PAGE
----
As of January 1, 2018, athletes requiring the use of prescription and/or over-the-counter medications must verify the status of all of their medications to determine whether or not they appear on WADA’s 2018 Prohibited List.

While in Canada, Team Canada athletes can check their medications by:

  • Using the GlobalDRO,
  • Emailing substances@cces.ca
  • Calling the CCES at 1-800-672-7775 (toll free), and
  • Contacting their team physician or the Canadian Olympic Committee (COC) physician assigned to their sport.

During the Games, athletes must consult with a COC team physician regarding their medications.

Therapeutic Use Exemptions

According to the IOC Anti-Doping Rules, Team Canada athletes who are taking a prohibited substance(s) for medically-justified reasons must have a valid Therapeutic Use Exemption (TUE) in ADAMS prior to the Games.

The IOC Medical and Scientific Commission advises athletes to, “treat the matter of TUEs seriously and in all instances seek expert advice. Using a prohibited substance or prohibited method on the 2018 Prohibited List before or without a TUE approval constitutes an Anti-Doping Rule Violation (ADRV)” (International Olympic Committee, 2017).

As of today, to meet the IOC TUE requirements, the CCES recommends that Team Canada athletes with TUEs from the CCES or their IF verify their:

  • TUE expiry date - to ensure it will be valid through the Games period,
  • TUE medication and dosage - to ensure it reflects the current treatment plan,
  • TUE authorizing body - athletes with a CCES TUE must verify their IF’s TUE requirements for the Games.

Team Canada athletes requiring a TUE must:

  • Prior to the Games - Contact their IF to obtain their TUE requirements,
  • During the Games period - Apply directly to the IOC Medical and Scientific Commission. Team physicians will facilitate this process.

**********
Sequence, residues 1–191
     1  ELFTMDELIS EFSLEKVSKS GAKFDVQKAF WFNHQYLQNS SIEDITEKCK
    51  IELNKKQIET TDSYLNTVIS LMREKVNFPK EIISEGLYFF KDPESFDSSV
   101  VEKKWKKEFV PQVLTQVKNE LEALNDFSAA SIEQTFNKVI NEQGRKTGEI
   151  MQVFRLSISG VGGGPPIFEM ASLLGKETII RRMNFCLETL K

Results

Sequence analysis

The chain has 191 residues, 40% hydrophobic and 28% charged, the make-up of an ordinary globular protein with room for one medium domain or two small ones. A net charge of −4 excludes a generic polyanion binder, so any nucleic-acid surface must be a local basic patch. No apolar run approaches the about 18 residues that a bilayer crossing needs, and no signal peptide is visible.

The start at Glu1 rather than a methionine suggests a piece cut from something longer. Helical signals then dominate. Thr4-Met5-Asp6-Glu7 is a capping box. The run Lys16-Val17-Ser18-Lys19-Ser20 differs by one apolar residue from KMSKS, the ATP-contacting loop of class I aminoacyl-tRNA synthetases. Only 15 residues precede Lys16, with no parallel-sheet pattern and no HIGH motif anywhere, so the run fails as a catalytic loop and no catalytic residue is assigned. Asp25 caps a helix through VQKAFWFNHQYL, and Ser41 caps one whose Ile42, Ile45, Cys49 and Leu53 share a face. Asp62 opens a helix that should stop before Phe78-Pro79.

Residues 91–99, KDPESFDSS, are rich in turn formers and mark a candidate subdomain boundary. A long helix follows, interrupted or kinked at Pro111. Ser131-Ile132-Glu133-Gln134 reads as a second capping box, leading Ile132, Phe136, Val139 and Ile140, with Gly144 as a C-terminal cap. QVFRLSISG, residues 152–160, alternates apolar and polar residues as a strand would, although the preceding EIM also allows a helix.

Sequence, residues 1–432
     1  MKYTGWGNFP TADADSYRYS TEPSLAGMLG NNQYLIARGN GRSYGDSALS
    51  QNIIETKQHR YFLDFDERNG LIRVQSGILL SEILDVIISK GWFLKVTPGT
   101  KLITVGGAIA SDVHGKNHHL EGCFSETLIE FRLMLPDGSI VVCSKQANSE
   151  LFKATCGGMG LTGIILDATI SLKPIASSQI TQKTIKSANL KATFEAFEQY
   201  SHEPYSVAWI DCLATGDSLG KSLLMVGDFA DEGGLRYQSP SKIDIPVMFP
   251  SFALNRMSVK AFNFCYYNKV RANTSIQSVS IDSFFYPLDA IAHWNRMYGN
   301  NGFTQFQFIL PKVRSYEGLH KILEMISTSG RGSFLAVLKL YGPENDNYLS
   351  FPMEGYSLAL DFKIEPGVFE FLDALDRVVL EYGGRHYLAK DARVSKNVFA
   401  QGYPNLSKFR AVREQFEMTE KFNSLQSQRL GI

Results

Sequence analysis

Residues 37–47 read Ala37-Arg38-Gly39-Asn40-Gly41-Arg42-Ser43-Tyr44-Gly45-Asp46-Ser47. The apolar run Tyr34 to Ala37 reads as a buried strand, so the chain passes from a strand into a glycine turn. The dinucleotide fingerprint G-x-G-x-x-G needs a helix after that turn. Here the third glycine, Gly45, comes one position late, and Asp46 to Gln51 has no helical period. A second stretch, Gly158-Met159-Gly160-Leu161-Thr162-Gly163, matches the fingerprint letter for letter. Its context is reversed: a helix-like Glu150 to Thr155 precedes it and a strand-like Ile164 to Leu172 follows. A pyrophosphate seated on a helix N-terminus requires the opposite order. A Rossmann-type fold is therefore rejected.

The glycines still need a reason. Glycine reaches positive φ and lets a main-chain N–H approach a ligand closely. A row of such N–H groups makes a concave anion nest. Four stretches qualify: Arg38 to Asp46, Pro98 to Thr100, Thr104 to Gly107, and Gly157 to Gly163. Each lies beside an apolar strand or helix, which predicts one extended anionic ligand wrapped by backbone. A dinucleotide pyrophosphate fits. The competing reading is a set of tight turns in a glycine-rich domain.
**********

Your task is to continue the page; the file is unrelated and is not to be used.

In all cases, it is imperative that athletes keep their team physician and the COC Chief Medical Officer apprised of their TUE application status.

Athletes can obtain additional TUE information by:

Needle Policy

The IOC Medical and Scientific Commission states that the Games are “needle-free” for all participating athletes. Needles may be used only by qualified medical practitioners (physicians or nurses) for clinically justifiable treatment which must be declared on the designated form to the IOC. Exceptionally, needles may also be used for auto-injection by those Athletes with established clinical conditions requiring auto-injection and possessing a valid corresponding TUE (i.e. for Insulin dependent diabetics). (International Olympic Committee, 2017). The full policy can be found here.


The IOC Medical and Scientific Commission reminds athletes that, “the use of nutritional supplements is discouraged as it may lead to an adverse analytical finding. Supplements should only ever be used if medically required and always under the guidance of a medical professional (such as the team doctor or sports dietician) in order to minimise the risk of an adverse analytical finding” (International Olympic Committee, 2017).

The CCES reiterates that there is no way to guarantee that any supplement is free of prohibited substances – even those that do not list a prohibited substance on the label. Athletes are strictly liable for anything found in their sample. Additional information about the doping risks associated with supplement use can be found here.


In November 2015, the IOC Medical and Scientific Commission convened an expert group to review the available scientific and clinical evidence on Sex Reassignment and Hyperandrogenism. As was the case for the 2016 Olympic Games in Rio, the IOC will place no additional rules on hyperandrogenic female athletes for the 2018 Olympic Winter Games in PyeongChang. Additional information can be found here.

Works Cited

International Olympic Committee. (2017, September 13). Anti-doping Rules - PyeongChang 2018-IOC-NOC Relations-Newsletter/Bulletin of Information.